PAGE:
“Hello, is that Tee?” I couldn’t have mistaken the booming voice at the other end.

“Yes,” I shouted into the mouth piece. The connection was poor and I could barely hear what he was saying, but I knew it was Jane’s father.

“Good evening, Sir”

“Hey, Tee, I can understand the time difference. It’s just morning here in Boston. I know it is night in your country. But never mind, Jane has just been delivered of a fine baby girl.”

The news hit me like an arrow. I didn’t know whether to shout for joy or just let the news sink in.

“Hello, are you still there?” I could hear Jane’s father asking from the other end. I replied in the affirmative and the connection went off.


Feyi was staring at the screen of her father’s old laptop. He had used the same laptop for close to two decades. All her efforts to change it for him since the advent of modern laptops had been vehemently resisted. He had always argued, “Feyi, you know I am not getting younger. I trust this old war horse. I can easily get my way through it. If you buy me a new one I’ll have to learn how to use it and I have some documents here that I don’t want to lose while transferring the files.” All her efforts to convince him that this could be done without losing any files met a brick wall. She decided to leave him alone.

She and her family lived on the other side of the city and on that fateful day when her mother had called her on phone, her tone didn’t betray any emotion. She had always respected her mother for her power of endurance and ability to control her emotions. Her mother asked casually, “Feyi, are you busy?”

“Not quite,” she had replied. “Any problem?”

“No. It’s your father”

“What is it this time?” Her mother had a way of talking about her husband whenever she wanted Feyi to listen to her. She was therefore not alarmed.

“Well, Feyi, if you are not busy can you come this way briefly?”

“Is everything all right? I can stop what I’m doing now and head towards there if you think it is important.”

“Feyi,” she loved the way her mother called her. Always beginning every of her sentence or ending it by calling her name. She cannot remember any time she uttered a sentence without either beginning it with her name or ending with it. “Please, come now if you can. When last did you speak with your brother Fola?”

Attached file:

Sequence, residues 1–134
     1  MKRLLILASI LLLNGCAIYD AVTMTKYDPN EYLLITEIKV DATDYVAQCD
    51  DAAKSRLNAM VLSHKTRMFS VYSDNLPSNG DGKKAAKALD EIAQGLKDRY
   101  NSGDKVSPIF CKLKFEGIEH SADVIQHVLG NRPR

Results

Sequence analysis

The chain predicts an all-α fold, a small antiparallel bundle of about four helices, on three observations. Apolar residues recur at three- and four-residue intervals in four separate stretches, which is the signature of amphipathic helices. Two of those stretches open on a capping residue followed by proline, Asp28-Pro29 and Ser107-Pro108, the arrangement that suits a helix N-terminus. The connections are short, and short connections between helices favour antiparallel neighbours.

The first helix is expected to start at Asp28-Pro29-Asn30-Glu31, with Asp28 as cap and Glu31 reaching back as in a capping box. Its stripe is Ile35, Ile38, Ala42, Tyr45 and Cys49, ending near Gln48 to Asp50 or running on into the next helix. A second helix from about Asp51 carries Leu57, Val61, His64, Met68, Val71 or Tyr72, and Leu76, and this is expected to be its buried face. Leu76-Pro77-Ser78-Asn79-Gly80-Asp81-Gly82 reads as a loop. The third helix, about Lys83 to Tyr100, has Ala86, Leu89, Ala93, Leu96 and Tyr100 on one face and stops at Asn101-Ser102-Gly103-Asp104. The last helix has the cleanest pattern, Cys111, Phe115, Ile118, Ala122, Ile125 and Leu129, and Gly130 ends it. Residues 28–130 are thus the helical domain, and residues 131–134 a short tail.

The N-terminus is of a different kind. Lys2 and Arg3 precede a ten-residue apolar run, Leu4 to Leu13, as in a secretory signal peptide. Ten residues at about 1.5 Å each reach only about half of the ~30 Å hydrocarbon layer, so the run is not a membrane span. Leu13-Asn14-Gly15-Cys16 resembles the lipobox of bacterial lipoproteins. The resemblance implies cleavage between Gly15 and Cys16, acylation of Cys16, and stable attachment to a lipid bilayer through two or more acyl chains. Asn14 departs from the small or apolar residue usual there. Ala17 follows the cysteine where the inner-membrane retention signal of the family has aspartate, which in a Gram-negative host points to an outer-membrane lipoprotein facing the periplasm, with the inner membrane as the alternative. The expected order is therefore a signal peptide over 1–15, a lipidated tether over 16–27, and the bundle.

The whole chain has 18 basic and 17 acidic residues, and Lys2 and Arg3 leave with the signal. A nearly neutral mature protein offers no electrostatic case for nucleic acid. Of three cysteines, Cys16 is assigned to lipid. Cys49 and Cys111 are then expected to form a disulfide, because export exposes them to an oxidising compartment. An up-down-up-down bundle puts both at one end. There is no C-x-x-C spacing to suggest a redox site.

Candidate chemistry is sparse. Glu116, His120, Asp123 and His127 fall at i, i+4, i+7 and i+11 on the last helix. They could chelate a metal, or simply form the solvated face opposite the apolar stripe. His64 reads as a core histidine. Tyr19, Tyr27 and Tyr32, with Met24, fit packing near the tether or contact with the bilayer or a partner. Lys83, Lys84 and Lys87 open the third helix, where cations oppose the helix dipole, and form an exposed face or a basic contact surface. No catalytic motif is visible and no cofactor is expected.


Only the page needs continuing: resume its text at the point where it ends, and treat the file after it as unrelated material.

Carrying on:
“Mummy, we are always in touch. We spoke yesterday night and he sent me a ping on my blackberry a while ago.” Fola, a petroleum engineer and his family had moved to Texas years ago. “Ok mum, I’m on the way. I hope all is well?”

“It is.”

She quickly dressed up and headed towards her family house. On getting there she met her mother sitting quietly in the lobby where she and her husband used to sit every morning listening to either old music or news on the radio. After greeting her and asking after her health she asked why her father was not there with her.

“He’s inside the room.”

“Still sleeping?” She asked. There was no answer. She just shook her head and held Feyi by the wrist leading her to the bedroom. Immediately they entered, she felt some awkward silence enveloping the room. The curtains were still slightly down and a shaft of the sun was streaming into the room casting a dark shadow on her father’s face as he lay there on the bed. His eyes were slightly open. He had always been like that. He never slept with his eyes completely shut. Feyi always remembered her father whenever she heard people talked about not sleeping with both eyes closed. Her father never did.

Something told her that what she was seeing was not normal. Her father had always looked different even when sleeping. She looked at her mother. Suddenly her mother burst into tears. It was then she realized there was no need to ask any question. The answer was already before her.

Amid sobs her mother said, “We woke up this morning and after breakfast rather than going to the lobby to sit as was usual with us, he said he wanted to lie down on the bed. He went into the room and after a few minutes he called me and said “Iya Feyi, it seems it’s over. I am going home to rest. Pray for my children and forgive me all my sins.” He looked at me and said I should hold him in my arms and that I should promise him that I would continue to pray and bless his children. I told him not to say anything like that. He clasped my hands in his and breathed his last.” She paused for a brief moment then said in an emotion suffused voice, “Feyi, your father is dead. He has left me.”

Feyi broke down in tears.